She's assured me that it's not the sort of situation where it's a big deal for her to just not be close to him like that, but I'd still like to get my stance on this sort of thing sorted out in case it comes up in the future.

I'd really appreciate any input that people more experienced with this sort of thing have to share. :)

LilacViolin 12-16-2012 06:20 AM

I think there is a difference between "I feel jealous because this relationship is happening" and "I feel uncomfortable because it is happening with a specific person." If you are uncomfortable with a potential lover of your girlfriend, I think you should voice your concern. It is her decision. But I trust my partner's instincts well enough to consider their knee-jerk reactions about a person.

I think the most basic principal in any relationship is the ability and willingness to communicate with each other. Be kind and clear, tell her why you feel that way, and then see how she responds.

Good luck!

GalaGirl 12-16-2012 08:13 AM

Does "get together with him" mean have a date or have sex in this context? I'm guessing sex? :confused:

Quote:

I was uneasy with it, and told her as much, but told her she was free to do what she wanted, not wanting to restrict her freedom.
Could it have been more honest/accurate for you to say "That guy? I'm not crazy about it. He's not been honest and he is irresponsible so I would just prefer you date someone else other than him who is more trustworthy. I'd worry about your well being with him."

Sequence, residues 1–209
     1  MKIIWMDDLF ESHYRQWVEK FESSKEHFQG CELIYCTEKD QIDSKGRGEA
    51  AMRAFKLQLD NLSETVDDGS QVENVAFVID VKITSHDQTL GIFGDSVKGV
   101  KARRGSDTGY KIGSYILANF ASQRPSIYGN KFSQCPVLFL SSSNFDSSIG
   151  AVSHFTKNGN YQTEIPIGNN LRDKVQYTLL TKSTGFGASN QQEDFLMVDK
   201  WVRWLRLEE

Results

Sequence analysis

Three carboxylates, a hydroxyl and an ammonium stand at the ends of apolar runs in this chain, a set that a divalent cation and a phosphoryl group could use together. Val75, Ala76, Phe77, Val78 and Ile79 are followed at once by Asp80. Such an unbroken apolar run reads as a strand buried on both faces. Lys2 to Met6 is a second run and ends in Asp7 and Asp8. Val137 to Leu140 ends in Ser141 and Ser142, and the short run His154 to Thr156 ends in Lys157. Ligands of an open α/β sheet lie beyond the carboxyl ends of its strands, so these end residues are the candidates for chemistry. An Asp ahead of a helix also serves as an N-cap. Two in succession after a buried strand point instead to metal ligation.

If so, why not just state your preference from the start? You are partner to your GF. She's responsible to herself, of course. But you are also obligated to help watch out for her emotional health, mental health, physical health, and spiritual health.

You could be giving full clear information about how you feel and information about him that you know -- he's not an honest guy. Be aware, and be careful of your emotional and mental health, GF! -- so she could make her own choices from a place of full information.

And if this person is irresponsible and dishonest, why do you remain friends with him?

Sometimes it's not about "learning to get ok with something" but rather "accepting I am just NOT ok with this and won't ever be!"

Be pickier about who you enter into friendship or polyship with. (You and GF.)

HTH!
Galagirl

FreeSpirit 12-16-2012 09:12 PM

Thank you both for the input!